We Are Wearing Out The Naughty Step by Mick Inkpen
|We Are Wearing Out The Naughty Step by Mick Inkpen|
|Genre: For Sharing|
|Reviewer: Keith Dudhnath|
|Summary: A group of naughty children bring their mother to the end of her tether. If you get past your gut reaction that it might not be appropriate for young children, you'll discover an interesting, real and fun tale that's entirely appropriate.|
|Buy? Yes||Borrow? Yes|
|Pages: 32||Date: June 2009|
|Publisher: Hodder Children's Books|
Three young children do all the naughty things that children do, and are wearing out the naughty step. Their single (ish) mother is exasperated and frustrated. When she finally snaps, it coincides with baby Jimbo's first word, and everyone laughs.
I really wasn't sure what I made of We Are Wearing Out The Naughty Step when I first read it - and I imagine you're having similar doubts after reading the precis. On the face of it, it's a little more serious than your average picture book. I don't much like the idea of naughty steps in general (more often than not they're not about teaching right and wrong, but about punishing attempts to learn what's right and wrong). At first glance, protecting the youngest children from the idea that mummies get tired and stressed seems like a good thing to me. It's Mick Inkpen, so it's all done very well, but I wasn't sure if it was really umm... worth it.
Re-reading it just prior to wriging this review, I was a total convert. It's real, rather than worrying. It's funny and charming, as Mick Inkpen's work always is - and, of course, his illustrations are fantastic. The naughty step is just a minor plot device, rather than a call to punish all children. I was reading far too much into it and being too uptight. It's just a funny book about naughty children, with a fun twist in the tail. Children are naughty, mummies do (gently) snap, potential step-families exist, and at the end of the day, everyone has a hug and smiles at one another.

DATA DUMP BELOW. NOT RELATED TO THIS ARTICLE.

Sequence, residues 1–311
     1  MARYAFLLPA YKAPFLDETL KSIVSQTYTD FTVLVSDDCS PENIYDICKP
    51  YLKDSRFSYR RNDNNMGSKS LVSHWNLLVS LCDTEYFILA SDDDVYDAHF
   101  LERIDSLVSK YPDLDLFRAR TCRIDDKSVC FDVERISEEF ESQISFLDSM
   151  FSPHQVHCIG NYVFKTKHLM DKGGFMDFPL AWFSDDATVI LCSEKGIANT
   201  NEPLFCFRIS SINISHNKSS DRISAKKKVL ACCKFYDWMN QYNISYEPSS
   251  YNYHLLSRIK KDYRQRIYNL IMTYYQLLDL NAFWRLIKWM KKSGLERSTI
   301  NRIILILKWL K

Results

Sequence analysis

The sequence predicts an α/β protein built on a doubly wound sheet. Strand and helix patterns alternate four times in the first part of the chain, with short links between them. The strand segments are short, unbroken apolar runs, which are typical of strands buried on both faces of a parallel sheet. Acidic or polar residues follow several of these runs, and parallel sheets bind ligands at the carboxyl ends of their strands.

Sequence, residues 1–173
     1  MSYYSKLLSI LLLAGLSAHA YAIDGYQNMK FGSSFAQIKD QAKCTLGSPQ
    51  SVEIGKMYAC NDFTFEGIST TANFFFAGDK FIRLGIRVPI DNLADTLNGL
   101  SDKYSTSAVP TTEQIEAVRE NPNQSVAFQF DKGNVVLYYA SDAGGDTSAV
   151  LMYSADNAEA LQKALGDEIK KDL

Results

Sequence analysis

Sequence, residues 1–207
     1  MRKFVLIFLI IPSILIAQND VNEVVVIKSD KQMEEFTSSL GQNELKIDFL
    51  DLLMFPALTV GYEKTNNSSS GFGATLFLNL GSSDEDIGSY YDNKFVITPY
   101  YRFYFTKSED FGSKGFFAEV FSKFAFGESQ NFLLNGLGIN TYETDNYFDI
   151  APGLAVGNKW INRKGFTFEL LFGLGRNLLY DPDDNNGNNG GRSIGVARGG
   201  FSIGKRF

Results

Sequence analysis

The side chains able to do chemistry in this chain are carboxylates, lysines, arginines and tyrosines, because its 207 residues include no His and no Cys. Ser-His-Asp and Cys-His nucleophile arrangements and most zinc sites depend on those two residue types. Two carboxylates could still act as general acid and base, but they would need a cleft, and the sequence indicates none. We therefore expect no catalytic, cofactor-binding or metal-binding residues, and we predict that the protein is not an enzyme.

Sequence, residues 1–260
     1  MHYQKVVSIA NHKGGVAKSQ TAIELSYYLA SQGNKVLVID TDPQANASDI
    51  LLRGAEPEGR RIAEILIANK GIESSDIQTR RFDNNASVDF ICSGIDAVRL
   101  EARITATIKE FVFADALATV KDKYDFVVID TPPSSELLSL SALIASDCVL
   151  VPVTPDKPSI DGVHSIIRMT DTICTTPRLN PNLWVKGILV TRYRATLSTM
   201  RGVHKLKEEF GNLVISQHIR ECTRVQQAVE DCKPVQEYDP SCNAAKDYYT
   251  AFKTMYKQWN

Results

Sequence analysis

It will stimulate some interesting discussions with young children, but everything is perfectly appropriate. Don't be as stuffy as I was; read it and enjoy it. My thanks to the publishers for sending it to Bookbag.
A Child's Garden: A Story Of Hope by Michael Foreman also touches on a difficult subject - war - but is perfectly appropriate for young children. For a lighter, sillier and laugh-out-loud look at naughty children, Hattie the Bad by Jane Devlin and Joe Berger is a firm favourite.
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Jay Smith said:
I think that your review entirely overlooks the fact that this book represents a "reality" for children of single mothers. Sure, it's scary for people to think that moms "arrive at the end of their tether" and then go a little crazy, because maybe most parents in co-parenting relationships like to think that this doesn't happen / shouldn't happen / rarely happens. When I read this story to my daughter, she really really identified with it, and the fact that moms can reach their limits, go a bit crazy, and everything's okay in the end. I think that it's important for children with only one parent in the picture *have* these sorts of representations, too. In a world where my daughter is really missing her absent father and not quite clear why my coping mechanisms are a lot less than when he's around, I found this a wonderful read. And she made us read it three times consecutively the first day, and twice the next. A loan from the library originally, this book is going to become part of our permanent collection: I'm buying it on Abebooks toute suite. Best wishes.
I agree entirely. I didn't at first, but then as I said in the review, I was a convert and saw it as being real. Perhaps I didn't explain it as well as I could, so thank you for reinforcing that point! I'm delighted to hear that your daughter and you enjoy the book so much.